Pedals

Alexander Oblivion Delay

  • By Eric Tischler @tonereport
  • June 03, 2016
  • 2 Comments

According to Alexander, “The Oblivion is our exploration of what exists in the darkest corners of the sonic universe.” Given that, I was totally surprised when I plugged the pedal in and started up the first delay voicing, Analog. So let’s not worry about the marketing, let’s not worry about the name—let’s just talk about how good and tweakable this delay pedal is.

The Oblivion has four basic voices—Analog, Tape, Oil Can, and Multi—and two layers of controls that are adjustable via the knobs; using the Select/Shift button, you can toggle between voicings and control layers. The “top” layer of controls are Mix (which controls the balance of clean signal to delay), Time (which controls the rate of the delay, although the Oblivion also has tap tempo) and Repeat (which controls the length of delay). The last two knobs are Rate and Depth, and those control the rate and depth of the modulation of the repeated signal (Depth selects the delay patterns when in Multi mode).

The second layer of controls include a volume boost (yay!), a feature that changes the wave shape of the repeated signal (sine, square, ramp up, and ramp down), and tone control (in Oil Can mode this controls the “age of the oil”). I found it all a bit overwhelming, but you can save settings by holding down the Tap, and you can toggle through up to five presets by holding down the Bypass (on/off) footswitch—more presets are available via MIDI.

It’s a lot to take in, and not always easy to navigate, but it sounds fantastic. The Analog mode was the first one I tried and, as you might’ve gathered, it wasn’t dark at all. Rather, the delays were bright and robust, notable in their own but different enough from the clean signal that they didn’t drown it out. When I think “Analog Delay,” I usually think of something like an old Ibanez AD-9—thick and clunky. Instead, this setting reminded me of my old Yamaha E1005, which was a fantastic analog delay. Of course, playing with the Tone control and Rate and Depth knobs, but for big and fuzzy, there was the Tape setting.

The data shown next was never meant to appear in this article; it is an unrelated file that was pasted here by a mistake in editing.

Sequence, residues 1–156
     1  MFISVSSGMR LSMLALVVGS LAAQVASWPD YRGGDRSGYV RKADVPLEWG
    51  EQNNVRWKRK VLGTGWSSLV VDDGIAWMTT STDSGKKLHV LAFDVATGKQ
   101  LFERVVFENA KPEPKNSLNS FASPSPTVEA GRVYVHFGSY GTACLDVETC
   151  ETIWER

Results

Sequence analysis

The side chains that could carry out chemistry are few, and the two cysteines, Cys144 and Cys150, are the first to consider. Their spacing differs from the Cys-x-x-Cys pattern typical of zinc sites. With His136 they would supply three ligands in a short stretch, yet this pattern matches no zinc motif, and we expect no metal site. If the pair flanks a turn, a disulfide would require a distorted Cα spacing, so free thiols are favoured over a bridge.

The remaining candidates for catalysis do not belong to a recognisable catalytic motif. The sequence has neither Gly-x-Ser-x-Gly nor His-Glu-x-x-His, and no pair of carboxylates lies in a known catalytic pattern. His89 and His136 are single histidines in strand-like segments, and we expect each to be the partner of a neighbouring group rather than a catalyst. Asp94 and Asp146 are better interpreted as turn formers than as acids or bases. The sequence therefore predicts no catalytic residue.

I was a little perplexed by the Tape setting, as it was set with fairly intense modulation and a dark voicing. When I think of tape, I think of machines that are well-maintained (and that may be my first mistake) and produce a rich, clean sound. I turned the Rate and Depth down and, once again dipping into the secondary controls, I turned the tone up and got a lovely sound that wasn’t as forceful as the initial analog setting and had the nice breadth and depth I associate with a tape delay.

You want murky? Try the Oil Can setting. Truly, this voicing is viscous, with thick, virtually amorphous repeats that, while not impervious to the controls, were hard to tame or shape; neither Rate nor Depth nor even Repeat seemed to have much control over this beast. Oblivion, at last!

The Multi setting is bright and clean, as befits a setting with multiple delays at work. While the characteristics of the delay itself are unexceptional (apart from sounding really good), the eight options for combining the “multiple playback heads” are at worst fun and at best useful. Even I, who fears to trust an automated polyrhythm, found the first—and most modest—setting to be useful.

I was bummed to find there’s no option for driving the Oblivion into self-oscillation, but then I read that an expression pedal can be used to control any parameter (which, obviously, includes Repeat): start with your main Oblivion settings and the expression pedal’s heel back. Move the expression pedal to toe down and then change any settings to the far end of the range and—through the magic of science!—the expression pedal will toggle between the initial setting and the second setting. Even crazier, the Oblivion’s draw is a meager 20 milliamps, which means you can run with any center-negative nine-volt power supply. Sounds like a lot of bang for your buck? You’re right: It is.

What we like

A variety of great, tweakable sounds, with the option to save five settings.

Concerns

None, but two notes: accessing the full range of features is a clunky process, and it would be nice to be able to segue seamlessly between presets

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